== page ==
The Village Notary is no great pleasure to read, for the compelling moments of its plot are scattered between cynical diatribes.
The diatribes are telling, at any rate. Here’s one on democracy:
“It makes me laugh to think that the very men who now divide the county trace their origin as political parties to an idle controversy on the uniforms of the county-hussars. Hence the yellows and the blacks. I am sure your Excellency would laugh if you had seen their committee-rooms. Rety’s head-quarters ring with high praises of his patriotism, for his having at the last election fixed the price of meat at threepence a pound; while in the next house you find all the butchers of the county for Bantornyi, the intrepid champion of protection and threepence-halfpenny. Just now, at the café, I overheard an argument on Vetsöshi’s abilities, which are rated very low, because he is shown to be a bad hand at cards. In short, your Excellency can have no idea of the farce which is acting around us.” (vol. 1, p. 175)
And here’s a pithy specimen on prison conditions:
The county gaol at Dustbury was, in those days, free from the prevailing epidemic of philanthropical innovations, which a certain set of political empirics are so zealous in spreading. The ancient national system of Austrio-Hungarian prison discipline was still in full glory; but as coming events cast their shadows before, so this venerable and time-honored system was every now and then attacked by the maudlin and squeamish sentimentality of modern reformers….In the gaol of a neighboring county, so fewer than six prisoners were dull enough top permit their feet to be frozen by the cold; and though the county magistrates gave them the full benefit of their attention, though their feet were amputated with a handsaw, though only one of the patients survived, and though such things were known to have frequently happened without any one being the worse for it, yet (so great is human perversity) a cry of indignation was got up against the worshipful magistrates of the said county, for all the world as if those honorable gentlemen had made the cold. (vol. 3, pp. 67-68)
Less pithy but more bitter is this eulogy of the book’s namesake protagonist, which amounts to a mockery of liberal learning itself, for its cruel inability to alter the individual’s destiny as fixed by birth:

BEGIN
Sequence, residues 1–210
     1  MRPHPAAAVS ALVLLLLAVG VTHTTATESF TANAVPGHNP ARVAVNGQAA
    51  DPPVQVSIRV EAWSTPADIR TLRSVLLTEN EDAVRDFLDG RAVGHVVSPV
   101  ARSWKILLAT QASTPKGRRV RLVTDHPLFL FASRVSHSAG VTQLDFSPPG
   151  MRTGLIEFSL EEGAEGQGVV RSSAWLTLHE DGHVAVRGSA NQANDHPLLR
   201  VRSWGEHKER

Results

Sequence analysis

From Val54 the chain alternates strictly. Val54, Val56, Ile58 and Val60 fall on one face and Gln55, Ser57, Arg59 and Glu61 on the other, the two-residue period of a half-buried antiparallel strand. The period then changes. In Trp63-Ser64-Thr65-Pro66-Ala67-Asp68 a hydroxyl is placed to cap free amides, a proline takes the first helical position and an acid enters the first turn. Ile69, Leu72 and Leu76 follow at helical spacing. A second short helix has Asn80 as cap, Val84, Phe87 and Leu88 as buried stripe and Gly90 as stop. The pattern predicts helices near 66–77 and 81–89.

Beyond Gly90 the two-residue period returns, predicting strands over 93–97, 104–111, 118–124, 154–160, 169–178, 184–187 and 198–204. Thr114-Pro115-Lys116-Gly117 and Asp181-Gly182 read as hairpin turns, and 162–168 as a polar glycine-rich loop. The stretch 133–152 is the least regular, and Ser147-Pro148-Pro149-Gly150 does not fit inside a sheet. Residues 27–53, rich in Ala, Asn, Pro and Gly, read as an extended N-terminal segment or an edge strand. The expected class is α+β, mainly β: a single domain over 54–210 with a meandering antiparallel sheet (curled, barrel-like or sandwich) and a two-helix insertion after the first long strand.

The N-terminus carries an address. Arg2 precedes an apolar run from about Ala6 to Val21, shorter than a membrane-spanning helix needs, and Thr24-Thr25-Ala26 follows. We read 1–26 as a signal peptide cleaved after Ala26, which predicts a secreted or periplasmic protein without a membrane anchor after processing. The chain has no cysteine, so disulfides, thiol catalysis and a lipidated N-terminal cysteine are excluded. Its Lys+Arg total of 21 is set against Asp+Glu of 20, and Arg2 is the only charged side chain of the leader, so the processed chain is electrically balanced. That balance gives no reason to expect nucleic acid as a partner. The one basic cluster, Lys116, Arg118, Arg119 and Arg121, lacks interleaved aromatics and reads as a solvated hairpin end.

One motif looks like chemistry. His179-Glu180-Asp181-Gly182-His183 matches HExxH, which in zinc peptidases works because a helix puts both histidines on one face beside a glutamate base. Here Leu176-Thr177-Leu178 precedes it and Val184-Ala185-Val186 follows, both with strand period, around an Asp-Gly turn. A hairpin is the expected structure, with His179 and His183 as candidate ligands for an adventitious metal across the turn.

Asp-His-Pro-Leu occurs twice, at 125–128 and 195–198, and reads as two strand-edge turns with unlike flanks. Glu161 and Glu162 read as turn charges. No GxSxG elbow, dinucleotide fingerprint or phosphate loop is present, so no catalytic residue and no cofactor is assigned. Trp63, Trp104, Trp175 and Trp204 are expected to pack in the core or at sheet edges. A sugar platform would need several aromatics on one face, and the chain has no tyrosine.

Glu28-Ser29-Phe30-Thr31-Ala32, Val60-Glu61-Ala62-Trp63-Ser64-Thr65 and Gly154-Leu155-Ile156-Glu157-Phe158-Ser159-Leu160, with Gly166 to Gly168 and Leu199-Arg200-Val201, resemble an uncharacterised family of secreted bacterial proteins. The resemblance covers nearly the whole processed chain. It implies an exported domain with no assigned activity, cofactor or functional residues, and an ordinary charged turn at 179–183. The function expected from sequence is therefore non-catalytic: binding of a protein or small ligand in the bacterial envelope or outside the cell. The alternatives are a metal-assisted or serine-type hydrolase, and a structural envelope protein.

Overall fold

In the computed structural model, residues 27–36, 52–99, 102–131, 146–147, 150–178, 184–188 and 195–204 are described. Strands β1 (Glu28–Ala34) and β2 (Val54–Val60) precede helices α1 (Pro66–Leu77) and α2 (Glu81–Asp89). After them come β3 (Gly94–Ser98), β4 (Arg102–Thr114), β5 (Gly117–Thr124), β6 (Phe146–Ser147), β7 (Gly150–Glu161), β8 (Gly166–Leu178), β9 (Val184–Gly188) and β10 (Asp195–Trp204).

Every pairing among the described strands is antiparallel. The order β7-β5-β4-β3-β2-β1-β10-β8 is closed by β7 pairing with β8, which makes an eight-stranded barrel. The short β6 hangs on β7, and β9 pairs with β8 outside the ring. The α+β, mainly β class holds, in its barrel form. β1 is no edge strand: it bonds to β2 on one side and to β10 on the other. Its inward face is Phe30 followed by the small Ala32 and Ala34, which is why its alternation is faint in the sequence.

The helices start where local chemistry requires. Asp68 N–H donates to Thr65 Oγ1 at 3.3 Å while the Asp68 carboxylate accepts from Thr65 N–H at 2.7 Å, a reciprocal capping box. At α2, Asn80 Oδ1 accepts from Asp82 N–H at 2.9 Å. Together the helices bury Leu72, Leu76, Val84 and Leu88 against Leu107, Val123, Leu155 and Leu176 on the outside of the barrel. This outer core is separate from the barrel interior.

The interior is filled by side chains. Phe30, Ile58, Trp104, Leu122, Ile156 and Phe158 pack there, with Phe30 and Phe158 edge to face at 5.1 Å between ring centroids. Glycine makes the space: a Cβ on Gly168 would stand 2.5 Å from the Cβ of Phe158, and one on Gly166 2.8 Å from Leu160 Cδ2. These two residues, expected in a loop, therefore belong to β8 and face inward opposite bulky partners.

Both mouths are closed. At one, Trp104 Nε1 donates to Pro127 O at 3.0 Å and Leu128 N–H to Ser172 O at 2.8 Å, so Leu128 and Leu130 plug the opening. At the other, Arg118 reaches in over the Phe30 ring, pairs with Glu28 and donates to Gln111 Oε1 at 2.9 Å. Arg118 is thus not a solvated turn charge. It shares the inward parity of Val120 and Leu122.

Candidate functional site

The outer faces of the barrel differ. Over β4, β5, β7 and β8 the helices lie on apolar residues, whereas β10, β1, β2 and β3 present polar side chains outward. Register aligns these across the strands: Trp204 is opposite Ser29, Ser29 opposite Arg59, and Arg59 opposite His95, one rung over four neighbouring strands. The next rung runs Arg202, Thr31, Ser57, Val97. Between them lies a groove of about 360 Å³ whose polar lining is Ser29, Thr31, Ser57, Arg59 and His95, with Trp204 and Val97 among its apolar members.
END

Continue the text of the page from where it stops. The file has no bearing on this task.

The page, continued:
The poor curate’s library contained but few books, but among them was a great treasure; namely, a copy of Plutarch….Jonas passed many hours in looking at the solemn faces of the classic heroes, nor was it long before he knew their names and actions….He was happy; for there is no greater happiness than the delight which a pure heart feels when thinking of great deeds and generous men. The childhood of nations and individuals idolizes all heroes, and thus did Jonas.
A child’s perceptions of distance are very weak: it is the same in the moral world. Children try to grasp any shining bauble which strikes their eyes, no matter whether far or near. Life has not yet taught them to wait, to plod, and perhaps to be disappointed. The boy is equally ignorant of the bitter truth, that there is usually but one road which leads to the high places of the world, and that the ascent, though easy to some, is impossible to others, for from where they stand there is no path which leads to the top. (vol. 1, pp. 42-43)
The reader can perhaps detect in these lines the self-pity of the author, particularly if he too once imbibed the elixir of liberal learning, without heeding the country-club logo stamped on the cup.
Just as the romantic should avoid Don Quixote, the idealist should avoid The Village Notary.